Eye For Film >> Movies >> Martyrs (2008) Film Review
Continuing the trend in 21st century French extremism (following the likes of Xavier Gens’ Frontiere(s) (2007) and Alexandre Bustillo and Julien Maury’s Inside (2007)), Pascal Laugier’s Martyrs raises the bar even higher by offering a nauseating, ruthless indictment of and reflection on the violence, hatred and pain that fuels our modern day world. Cheery, this film is not.
Beginning as a tale of revenge, Martyrs initially focuses on Lucie, a young girl who is abducted and subjected to extreme physical and mental abuse until she somehow manages to escape the clutches of her captors. Fifteen years later, Lucie (Mylène Jampanoï) and her childhood friend, Anna (Morjana Alaoui), seek revenge on those Lucie believes to be responsible for her trauma, though a cruel twist of fate places them both in extreme danger.
Martyrs is a movie of three acts, which makes it both difficult to summarise (without spoiling the experience) and categorise. The dizzying, nauseating and frenetic pace of the first two-thirds of the film creates a remarkable intensity thanks to the unflinching violence and fierce music score. Indeed, the narrative becomes so disorientating, that we’re never quite sure what kind of genre flick we are watching and what direction it will take.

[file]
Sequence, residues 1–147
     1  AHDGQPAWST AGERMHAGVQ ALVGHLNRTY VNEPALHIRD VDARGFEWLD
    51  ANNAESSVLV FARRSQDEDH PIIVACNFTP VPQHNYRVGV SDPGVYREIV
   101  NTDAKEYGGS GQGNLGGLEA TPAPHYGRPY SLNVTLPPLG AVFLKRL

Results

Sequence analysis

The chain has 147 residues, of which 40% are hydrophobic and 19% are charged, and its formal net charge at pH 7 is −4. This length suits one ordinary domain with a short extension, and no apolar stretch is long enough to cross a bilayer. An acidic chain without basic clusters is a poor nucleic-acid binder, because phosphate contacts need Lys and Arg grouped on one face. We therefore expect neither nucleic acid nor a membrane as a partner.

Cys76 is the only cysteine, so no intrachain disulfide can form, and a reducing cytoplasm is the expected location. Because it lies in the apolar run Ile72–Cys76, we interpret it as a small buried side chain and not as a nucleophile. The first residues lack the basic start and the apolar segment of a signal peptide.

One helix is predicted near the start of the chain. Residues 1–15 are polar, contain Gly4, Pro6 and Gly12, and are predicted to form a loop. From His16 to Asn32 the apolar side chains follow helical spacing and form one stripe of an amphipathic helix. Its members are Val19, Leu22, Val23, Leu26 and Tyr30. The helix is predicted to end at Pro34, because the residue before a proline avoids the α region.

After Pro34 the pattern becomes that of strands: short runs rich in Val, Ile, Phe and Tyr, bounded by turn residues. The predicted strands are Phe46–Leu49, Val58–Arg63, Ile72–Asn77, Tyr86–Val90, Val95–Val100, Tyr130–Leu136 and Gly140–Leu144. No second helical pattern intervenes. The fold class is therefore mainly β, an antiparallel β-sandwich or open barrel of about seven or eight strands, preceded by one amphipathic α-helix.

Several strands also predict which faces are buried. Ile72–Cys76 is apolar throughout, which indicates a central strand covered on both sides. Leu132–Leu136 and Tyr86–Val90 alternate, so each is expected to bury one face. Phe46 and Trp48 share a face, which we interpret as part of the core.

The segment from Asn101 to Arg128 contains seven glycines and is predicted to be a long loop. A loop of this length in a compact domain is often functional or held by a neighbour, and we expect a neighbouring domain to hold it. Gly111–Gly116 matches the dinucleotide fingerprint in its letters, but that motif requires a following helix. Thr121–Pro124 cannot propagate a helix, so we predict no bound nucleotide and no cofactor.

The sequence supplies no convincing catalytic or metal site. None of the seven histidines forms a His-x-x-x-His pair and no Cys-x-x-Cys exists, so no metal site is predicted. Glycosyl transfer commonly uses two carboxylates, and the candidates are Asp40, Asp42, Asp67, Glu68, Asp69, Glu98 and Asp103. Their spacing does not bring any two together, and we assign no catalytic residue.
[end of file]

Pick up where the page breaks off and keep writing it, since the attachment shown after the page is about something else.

Then, as things seem to be edging toward some sort of premature climax about 70 minutes in, the film shifts both its direction and tone and descends into its depressing, stomach-churning and heart-rending final act, delivering 20 minutes of unflinching brutality that forces the audience to endure every second of the horrendous ordeal. The shocking, uncompromising and strangely beautiful climax of cruelty delivers a gasp-inducing, jaw-dropping moment that manages to burrow deep beneath the skin and ensures that Martyrs is a movie you won’t be able to shake off any time soon.
Since its debut at the Cannes Film Festival last summer, Martyrs has had tongues wagging furiously over its graphic content, its persistent and excessive violence, its apparent misogynistic tendencies and its supposedly sadistic preoccupations, and certainly, for these reasons and many others, Martyrs isn’t for everyone. However, for those brave enough to enter Pascal Laugier’s bad, bad world, there’s a balls-achingly brutal horror film waiting to be experienced; one that’s deeply disturbing, profoundly moving and somehow, eerily beautiful.Reviewed on: 18 Mar 2009